This week, two bodies were discovered at a Northrup Grumman plant in Utah, with few details about the tragedy being revealed. KUTV-TV in Utah asserts that the victims were “killed,” but provides no proof to support this accusation.
Roxanne Vainuku, a spokesperson of the West Valley City Police Department, stated that just after 6 p.m. on Monday, officers were summoned to the company’s building in Magna, some 12 miles west of Salt Lake City. According to KSL-TV, Vainuku also indicated that two employees were discovered unconscious, but did not provide any other details beyond the fact that the “victims” were treated by fire department crews before being transported to a hospital, where they were pronounced dead.
“Fire Department crews attempted life saving measures and transported the two employees to the hospital where they were ultimately pronounced deceased,” Vainuku said.
“The Occupational Health and Safety Administration will conduct an investigation into this incident. West Valley City Police will coordinate with OSHA on the investigation,” she added.
After autopsies are completed, the Utah Medical Examiner’s Office will be able to confirm whether or not the two perished in a hazmat condition, according to the police. The victims’ identities remain unknown.
According to a Newsweek piece, a Northrop Grumman official withheld information.
“We can confirm that two employees passed away at the Bacchus facility on January 30. We are deeply saddened by this news,” the representative said.
“The Northrop Grumman team all shares in this grief. Out of respect for the privacy of the employees and the families, we are not releasing any further details,” the representative said.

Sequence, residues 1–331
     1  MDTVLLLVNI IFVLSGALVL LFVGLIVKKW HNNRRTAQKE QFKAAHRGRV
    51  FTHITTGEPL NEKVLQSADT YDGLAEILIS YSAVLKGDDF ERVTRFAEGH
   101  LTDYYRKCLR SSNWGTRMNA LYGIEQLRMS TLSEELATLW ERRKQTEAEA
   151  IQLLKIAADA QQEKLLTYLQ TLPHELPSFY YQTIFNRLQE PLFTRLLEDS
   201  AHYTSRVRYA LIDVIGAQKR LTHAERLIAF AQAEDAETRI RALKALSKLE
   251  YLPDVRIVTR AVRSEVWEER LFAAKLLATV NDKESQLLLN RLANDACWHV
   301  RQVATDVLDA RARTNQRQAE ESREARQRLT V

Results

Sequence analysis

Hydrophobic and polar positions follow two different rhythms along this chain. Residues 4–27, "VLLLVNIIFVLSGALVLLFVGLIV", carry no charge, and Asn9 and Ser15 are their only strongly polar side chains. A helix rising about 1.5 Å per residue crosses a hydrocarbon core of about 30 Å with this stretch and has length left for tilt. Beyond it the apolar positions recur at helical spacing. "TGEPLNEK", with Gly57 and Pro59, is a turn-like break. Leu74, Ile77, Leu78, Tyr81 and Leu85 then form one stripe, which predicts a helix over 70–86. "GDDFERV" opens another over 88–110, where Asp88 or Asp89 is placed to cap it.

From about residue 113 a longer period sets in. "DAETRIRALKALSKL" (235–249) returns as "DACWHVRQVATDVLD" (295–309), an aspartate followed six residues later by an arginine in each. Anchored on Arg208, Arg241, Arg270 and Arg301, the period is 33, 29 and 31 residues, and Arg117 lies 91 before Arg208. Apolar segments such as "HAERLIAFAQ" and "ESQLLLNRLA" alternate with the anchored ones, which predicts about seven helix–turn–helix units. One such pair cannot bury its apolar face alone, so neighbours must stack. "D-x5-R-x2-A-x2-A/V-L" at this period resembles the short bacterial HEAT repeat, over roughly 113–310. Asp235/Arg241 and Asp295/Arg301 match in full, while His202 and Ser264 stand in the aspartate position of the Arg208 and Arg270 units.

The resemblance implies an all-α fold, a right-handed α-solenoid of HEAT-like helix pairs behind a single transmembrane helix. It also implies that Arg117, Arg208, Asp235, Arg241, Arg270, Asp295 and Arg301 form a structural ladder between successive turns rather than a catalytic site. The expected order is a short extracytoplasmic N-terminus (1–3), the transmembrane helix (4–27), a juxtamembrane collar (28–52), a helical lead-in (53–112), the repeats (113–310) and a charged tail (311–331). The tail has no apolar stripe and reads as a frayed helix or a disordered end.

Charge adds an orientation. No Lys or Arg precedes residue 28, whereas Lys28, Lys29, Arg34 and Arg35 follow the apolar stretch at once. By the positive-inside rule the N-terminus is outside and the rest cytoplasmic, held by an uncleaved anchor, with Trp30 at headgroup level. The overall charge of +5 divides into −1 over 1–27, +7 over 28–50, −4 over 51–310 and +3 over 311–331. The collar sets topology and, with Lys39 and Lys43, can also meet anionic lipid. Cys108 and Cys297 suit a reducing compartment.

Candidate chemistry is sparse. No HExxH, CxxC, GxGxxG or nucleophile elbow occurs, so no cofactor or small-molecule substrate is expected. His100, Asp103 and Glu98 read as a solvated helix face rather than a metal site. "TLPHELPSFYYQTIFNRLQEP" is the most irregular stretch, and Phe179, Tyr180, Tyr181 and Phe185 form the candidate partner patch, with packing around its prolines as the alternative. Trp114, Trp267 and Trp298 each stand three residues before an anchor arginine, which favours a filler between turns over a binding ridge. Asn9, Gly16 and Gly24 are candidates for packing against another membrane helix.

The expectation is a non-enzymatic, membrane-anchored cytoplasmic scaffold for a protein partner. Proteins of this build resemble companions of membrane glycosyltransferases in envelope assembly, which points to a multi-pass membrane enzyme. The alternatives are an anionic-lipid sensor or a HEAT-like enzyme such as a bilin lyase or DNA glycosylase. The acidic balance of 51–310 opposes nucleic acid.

The company’s statement gave little details about the events that transpired.
“Family members have been notified, and we will be working with our employee assistance program for support and family services,” the statement said.
“Our employees are our most valued part of our business and this is a tragedy that affects our entire workforce,” the statement said.
Eric Olsen, from Utah Occupational Safety and Health, told KUTV-TV that the investigation into the event will be limited to certain aspects.
“It is important to note that we do not investigate the accident or fatality itself but rather, we investigate whether there were any violations of adopted safety and health standards. If violations are found then citations may follow. Timing on investigations varies but by statute we have up to 180 days to complete an investigation,” he said.
More on this story via The Republic Brief:
Olsen stated that he was unable to provide any commentary on the particular situation.
Northrup Grumman is a leading defense and aerospace contractor with 90,000 employees nationwide. They are currently the prime contractor on the B-21 bomber, an advanced long-range, stealth bomber that has been widely heralded as the Air Force’s next generation of bombers. The B-21 bomber promises to be a powerful asset to the Air Force and is an example of the cutting-edge technology Northrup Grumman is developing. CONTINUE READING…